How can we help patients to become more informed about new biotechnologies? Positioned at the intersection of clinical trials and ethics, Shelly's research aims to advance sustainable, socially responsible, and ethically conscious translation of novel biotechnologies, such as stem cell research, to the larger public.
The field of stem cell research has generated excitement about imminent therapeutic applications, even while the pace of science is incremental. I explore the perspectives of patients with multiple sclerosis and Parkinson disease and doctors who treat them about research and development specifically in the context of stem cell research. My goal is to bring their voices to the forefront of experimental medicine so that the priorities and concerns of these key stakeholders are fully integrated into the process of translating research into clinically available treatments.
What does being a Public Scholar mean to you?
It means being an engaged scholar whose work marries research and service.
In what ways do you think the PhD experience can be re-imagined with the Public Scholars Initiative?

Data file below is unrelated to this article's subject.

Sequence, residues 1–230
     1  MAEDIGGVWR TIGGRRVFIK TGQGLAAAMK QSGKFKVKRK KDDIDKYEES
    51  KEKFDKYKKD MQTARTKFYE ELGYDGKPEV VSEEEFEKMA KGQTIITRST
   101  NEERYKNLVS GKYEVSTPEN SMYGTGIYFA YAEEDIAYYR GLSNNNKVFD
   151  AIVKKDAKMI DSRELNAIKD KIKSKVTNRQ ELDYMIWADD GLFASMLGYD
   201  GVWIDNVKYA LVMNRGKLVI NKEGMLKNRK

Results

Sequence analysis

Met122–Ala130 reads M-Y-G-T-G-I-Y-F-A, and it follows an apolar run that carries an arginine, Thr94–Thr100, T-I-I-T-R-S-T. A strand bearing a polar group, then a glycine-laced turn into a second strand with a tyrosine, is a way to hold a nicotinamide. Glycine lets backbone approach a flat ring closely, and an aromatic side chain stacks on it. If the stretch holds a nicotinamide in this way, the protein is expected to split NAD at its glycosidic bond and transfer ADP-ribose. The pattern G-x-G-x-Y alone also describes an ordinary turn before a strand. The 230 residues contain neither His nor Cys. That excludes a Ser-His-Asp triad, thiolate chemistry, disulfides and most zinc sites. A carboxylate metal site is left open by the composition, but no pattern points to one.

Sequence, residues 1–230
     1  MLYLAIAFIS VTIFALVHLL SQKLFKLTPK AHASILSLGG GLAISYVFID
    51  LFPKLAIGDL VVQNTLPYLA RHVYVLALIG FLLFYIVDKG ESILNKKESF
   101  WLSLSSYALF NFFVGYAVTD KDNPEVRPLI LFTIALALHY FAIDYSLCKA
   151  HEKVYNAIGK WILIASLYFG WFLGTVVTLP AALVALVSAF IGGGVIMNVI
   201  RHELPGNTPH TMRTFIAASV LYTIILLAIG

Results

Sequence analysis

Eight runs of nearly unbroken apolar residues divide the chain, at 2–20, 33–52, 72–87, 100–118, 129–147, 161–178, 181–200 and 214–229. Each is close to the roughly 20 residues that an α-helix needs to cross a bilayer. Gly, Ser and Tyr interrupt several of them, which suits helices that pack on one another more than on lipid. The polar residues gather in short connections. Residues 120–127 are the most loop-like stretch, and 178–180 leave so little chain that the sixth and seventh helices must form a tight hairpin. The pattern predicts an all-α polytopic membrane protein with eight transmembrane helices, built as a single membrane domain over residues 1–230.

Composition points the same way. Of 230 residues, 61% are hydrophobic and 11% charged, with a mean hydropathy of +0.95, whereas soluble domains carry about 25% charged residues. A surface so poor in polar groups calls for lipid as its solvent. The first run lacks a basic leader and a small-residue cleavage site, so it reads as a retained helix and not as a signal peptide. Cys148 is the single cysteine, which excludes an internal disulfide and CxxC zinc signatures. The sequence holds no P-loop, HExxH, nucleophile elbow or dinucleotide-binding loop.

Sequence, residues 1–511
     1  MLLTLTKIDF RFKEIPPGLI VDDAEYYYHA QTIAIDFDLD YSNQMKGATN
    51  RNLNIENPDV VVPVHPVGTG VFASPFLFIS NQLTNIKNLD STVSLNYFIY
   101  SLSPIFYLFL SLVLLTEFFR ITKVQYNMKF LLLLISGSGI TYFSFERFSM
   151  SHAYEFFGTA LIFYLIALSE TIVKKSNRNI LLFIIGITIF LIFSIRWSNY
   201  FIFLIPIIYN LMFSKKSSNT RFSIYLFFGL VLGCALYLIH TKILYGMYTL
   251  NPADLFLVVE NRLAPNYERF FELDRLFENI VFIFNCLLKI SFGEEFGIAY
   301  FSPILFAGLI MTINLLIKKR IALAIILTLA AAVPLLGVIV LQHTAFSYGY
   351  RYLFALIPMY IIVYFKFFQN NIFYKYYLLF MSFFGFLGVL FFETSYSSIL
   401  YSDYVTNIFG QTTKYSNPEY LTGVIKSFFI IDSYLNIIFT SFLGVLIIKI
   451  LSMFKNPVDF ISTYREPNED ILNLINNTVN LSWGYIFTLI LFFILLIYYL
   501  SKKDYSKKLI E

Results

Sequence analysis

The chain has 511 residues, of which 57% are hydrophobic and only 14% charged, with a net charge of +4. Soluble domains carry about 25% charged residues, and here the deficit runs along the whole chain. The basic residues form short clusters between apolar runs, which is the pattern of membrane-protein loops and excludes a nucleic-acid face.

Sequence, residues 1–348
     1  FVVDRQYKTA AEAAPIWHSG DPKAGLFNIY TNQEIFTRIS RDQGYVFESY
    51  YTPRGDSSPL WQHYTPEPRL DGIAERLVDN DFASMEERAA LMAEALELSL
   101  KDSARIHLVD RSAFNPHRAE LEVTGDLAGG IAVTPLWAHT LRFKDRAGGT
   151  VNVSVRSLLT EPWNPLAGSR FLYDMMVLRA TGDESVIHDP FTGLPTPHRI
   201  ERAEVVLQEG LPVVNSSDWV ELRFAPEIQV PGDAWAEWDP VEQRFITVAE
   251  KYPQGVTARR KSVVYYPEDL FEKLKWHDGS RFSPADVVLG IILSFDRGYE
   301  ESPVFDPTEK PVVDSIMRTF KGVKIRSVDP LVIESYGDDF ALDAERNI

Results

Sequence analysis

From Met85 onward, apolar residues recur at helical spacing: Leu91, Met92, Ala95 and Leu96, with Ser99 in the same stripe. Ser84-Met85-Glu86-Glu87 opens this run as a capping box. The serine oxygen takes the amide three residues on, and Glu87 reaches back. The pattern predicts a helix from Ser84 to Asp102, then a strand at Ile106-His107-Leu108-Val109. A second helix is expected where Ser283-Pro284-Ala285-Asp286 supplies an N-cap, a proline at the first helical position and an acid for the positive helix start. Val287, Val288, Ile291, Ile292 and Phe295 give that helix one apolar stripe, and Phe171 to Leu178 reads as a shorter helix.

Academic inquiry usually focuses on uncovering or co-creating knowledge. The Public Scholars Initiative bridges this knowledge with public benefit – an imperative for social responsibility in academic scholarship. The Public Scholars Initiative provides an opportunity for students to achieve true excellence in their doctoral work by utilizing their academic platforms to promote public engagement and conscientiousness in academic citizenship.
How do you envision connecting your PhD work with broader career possibilities?
My long-term goal is to provide university leadership in research, education, and public outreach on the ethical and policy implications of novel biotechnologies that present the potential for new knowledge, new therapeutics and improved clinical care.
How does your research engage with the larger community and social partners?
I partner with patient and clinician communities in the co-creation of knowledge. I will also engage with journalism students to promote science communication that is responsive to patient needs.
Why did you decide to pursue a graduate degree?
I chose to pursue a graduate degree because I find the research that I do both intellectually and emotionally stimulating. Also, I love to learn!
Why did you choose to come to British Columbia and study at UBC?
I wanted to study at UBC because I wanted to work with my mentor, Dr. Judy Illes. Dr. Illes is Canada Research Chair in Neuroethics and Director of the National Core for Neuroethics, a world-renowned research center committed to anticipating and addressing the implications of technological development in the brain sciences.
I hope to bring forward the voices of patients so that as biotechnologies are developed they are directed by the priorities and concerns of their end-users.